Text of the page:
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View Poll Results: Is Higgs Boson Really Present?

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Thread: THE GOD'S PARTICLE

  1. #1 THE GOD'S PARTICLE 
    Forum Sophomore Alex-The Great's Avatar
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    Is Higg's Boson a real thing or is imaginary because it is mentioned as the God's Particle?? And please dont give me any wiki links cause i've already checked them all.................


    "Universe is not as weird as you think it is weirder than you can ever,ever think"- Ophiolite(My Grandpa)
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  3. #2 Re: THE GOD'S PARTICLE 
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    Quote Originally Posted by Alex-The Great
    Is Higg's Boson a real thing or is imaginary because it is mentioned as the God's Particle?? And please dont give me any wiki links cause i've already checked them all.................
    If you've checked all the Wiki links then you already know that:

    The Higgs boson is often referred to as "the God particle" by the media, after the title of Leon Lederman's book, The God Particle: If the Universe Is the Answer, What Is the Question?. While use of this term may have contributed to increased media interest in particle physics and the Large Hadron Collider, many scientists dislike it, since it overstates the particle's importance, not least since its discovery would still leave unanswered questions about the unification of QCD, the Electroweak interaction and gravity, and the ultimate origin of the universe...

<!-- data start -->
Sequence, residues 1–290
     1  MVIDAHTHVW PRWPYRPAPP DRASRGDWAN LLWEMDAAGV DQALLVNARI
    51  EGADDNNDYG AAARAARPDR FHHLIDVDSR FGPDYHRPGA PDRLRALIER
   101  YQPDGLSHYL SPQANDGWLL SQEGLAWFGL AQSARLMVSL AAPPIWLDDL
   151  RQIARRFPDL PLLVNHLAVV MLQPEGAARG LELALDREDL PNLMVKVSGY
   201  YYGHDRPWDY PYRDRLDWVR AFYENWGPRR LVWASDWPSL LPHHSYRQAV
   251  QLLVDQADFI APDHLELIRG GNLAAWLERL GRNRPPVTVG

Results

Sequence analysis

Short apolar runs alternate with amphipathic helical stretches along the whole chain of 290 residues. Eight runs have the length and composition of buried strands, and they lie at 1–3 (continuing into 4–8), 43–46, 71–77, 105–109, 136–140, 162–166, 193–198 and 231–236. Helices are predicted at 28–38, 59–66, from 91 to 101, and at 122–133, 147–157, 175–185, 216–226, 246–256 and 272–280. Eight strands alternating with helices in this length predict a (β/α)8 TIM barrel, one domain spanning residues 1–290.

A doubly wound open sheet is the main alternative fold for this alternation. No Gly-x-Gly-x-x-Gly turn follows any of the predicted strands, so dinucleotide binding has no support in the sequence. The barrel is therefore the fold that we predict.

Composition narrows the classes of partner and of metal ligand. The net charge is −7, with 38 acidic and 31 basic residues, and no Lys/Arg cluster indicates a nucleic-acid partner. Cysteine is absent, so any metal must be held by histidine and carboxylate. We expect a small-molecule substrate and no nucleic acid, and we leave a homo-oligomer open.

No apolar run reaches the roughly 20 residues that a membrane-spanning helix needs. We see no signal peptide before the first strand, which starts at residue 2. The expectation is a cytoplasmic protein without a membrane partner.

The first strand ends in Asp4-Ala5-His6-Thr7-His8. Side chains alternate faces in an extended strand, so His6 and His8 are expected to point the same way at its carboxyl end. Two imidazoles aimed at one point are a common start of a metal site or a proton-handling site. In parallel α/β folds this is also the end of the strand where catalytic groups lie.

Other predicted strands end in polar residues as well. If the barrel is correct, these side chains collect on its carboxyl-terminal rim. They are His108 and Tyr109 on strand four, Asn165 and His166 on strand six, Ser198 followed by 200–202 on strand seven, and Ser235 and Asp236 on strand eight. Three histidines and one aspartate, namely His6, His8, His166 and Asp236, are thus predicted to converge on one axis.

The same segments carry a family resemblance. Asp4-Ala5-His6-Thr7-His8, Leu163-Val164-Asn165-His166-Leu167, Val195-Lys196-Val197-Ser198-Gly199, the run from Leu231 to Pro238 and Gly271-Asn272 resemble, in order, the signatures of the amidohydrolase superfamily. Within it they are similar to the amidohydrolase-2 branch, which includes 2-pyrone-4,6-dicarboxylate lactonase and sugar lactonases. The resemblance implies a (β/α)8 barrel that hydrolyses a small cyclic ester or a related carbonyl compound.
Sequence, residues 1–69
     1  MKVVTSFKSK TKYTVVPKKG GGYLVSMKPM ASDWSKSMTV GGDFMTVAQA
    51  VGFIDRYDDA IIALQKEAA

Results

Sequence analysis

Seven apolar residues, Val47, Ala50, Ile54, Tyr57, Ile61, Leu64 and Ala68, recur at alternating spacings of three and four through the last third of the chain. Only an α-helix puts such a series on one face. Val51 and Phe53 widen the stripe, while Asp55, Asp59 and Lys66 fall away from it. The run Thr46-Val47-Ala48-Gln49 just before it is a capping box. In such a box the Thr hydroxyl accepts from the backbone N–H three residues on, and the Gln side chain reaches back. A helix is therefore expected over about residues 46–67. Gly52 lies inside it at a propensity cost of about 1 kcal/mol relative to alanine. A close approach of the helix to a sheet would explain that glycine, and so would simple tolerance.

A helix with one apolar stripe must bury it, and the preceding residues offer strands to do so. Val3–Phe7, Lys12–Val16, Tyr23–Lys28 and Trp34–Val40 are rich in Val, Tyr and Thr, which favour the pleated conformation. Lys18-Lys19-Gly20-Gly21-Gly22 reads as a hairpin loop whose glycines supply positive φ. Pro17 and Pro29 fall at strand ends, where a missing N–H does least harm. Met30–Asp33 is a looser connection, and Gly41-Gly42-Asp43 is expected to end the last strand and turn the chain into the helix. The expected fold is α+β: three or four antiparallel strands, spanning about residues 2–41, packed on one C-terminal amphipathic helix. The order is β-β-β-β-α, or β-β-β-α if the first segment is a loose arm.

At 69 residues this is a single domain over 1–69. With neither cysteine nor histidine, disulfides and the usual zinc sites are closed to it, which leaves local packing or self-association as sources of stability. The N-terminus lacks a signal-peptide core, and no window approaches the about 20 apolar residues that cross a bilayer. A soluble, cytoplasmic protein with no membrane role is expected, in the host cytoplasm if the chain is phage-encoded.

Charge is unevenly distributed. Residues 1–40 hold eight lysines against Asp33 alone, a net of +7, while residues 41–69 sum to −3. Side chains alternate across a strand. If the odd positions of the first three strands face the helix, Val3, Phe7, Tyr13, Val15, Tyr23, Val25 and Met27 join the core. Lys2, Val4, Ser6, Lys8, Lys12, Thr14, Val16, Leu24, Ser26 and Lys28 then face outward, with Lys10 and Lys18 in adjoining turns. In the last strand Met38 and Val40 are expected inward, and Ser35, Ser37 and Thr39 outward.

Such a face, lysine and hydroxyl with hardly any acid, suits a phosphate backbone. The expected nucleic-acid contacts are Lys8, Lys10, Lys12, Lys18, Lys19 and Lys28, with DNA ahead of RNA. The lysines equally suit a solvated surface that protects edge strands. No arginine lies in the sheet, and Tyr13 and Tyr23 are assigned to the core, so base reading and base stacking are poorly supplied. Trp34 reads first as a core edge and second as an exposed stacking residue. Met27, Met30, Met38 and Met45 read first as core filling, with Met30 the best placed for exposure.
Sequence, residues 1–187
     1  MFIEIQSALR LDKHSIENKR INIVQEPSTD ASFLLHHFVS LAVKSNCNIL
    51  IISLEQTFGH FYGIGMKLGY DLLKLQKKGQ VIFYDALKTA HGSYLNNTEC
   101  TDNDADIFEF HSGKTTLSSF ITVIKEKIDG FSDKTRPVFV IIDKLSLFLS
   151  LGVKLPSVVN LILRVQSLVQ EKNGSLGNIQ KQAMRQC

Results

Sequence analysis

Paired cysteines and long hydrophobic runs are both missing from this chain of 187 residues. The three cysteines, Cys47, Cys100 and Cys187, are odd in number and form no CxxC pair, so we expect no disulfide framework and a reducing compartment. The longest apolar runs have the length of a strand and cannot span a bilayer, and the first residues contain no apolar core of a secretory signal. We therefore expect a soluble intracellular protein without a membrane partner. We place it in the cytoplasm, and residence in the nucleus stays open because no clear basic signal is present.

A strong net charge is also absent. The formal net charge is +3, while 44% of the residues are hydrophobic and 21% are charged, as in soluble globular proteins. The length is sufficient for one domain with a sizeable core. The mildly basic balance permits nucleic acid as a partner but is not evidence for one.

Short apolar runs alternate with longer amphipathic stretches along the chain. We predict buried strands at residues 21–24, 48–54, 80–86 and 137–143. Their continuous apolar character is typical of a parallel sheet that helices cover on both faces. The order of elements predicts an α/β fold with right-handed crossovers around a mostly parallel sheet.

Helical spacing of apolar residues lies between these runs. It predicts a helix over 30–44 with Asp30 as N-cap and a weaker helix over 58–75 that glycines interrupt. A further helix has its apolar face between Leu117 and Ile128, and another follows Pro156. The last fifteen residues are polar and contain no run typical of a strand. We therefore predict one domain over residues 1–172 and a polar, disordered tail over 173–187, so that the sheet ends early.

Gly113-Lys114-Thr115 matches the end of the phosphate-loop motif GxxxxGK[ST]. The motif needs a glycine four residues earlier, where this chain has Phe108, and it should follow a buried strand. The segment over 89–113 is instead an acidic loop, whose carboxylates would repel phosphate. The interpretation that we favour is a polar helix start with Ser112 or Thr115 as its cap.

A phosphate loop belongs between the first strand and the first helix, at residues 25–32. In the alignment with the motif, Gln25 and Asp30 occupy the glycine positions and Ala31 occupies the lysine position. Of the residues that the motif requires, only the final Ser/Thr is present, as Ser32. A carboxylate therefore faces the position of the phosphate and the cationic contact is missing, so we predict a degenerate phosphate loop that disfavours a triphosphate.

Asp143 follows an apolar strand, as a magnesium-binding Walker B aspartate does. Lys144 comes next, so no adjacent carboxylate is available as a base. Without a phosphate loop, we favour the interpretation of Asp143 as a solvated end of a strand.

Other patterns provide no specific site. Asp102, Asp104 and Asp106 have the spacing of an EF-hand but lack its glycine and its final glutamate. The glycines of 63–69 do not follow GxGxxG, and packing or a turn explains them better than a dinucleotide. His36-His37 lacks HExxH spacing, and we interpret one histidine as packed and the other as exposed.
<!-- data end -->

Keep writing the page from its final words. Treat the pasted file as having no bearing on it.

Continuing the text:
(ref. http://en.wikipedia.org/wiki/God_particle_(physics)#.22The_God_particle.22 )

    You also know from the same Wikipedia article that:

    The Higgs boson is a hypothetical massive elementary particle predicted to exist by the Standard Model of particle physics. The existence of the particle is postulated to resolve inconsistencies in theoretical physics and attempts are being made to find the particle by experiment...

    ......and.....

    The Higgs boson's existence is not a strictly necessary consequence of the Higgs mechanism: the Higgs boson exists in some but not all theories which use the Higgs mechanism. For example, Higgs boson exists in the Standard Model and the Minimal Supersymmetric Standard Model yet it is not expected to exist in Technicolor models or Higgsless models. All of these models realize various forms of the Higgs mechanism. A goal of the LHC experiments is to distinguish among these models and determine if the Higgs boson exists or not...
    (ref. http://en.wikipedia.org/wiki/Higgs_boson )

    In short, the Higgs boson is a hypothetical particle that physicists think might exist. Since it hasn't been detected yet no one can say for sure whether or not it actually does exist.

    Chris


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  4. #3  
    Forum Professor river_rat's Avatar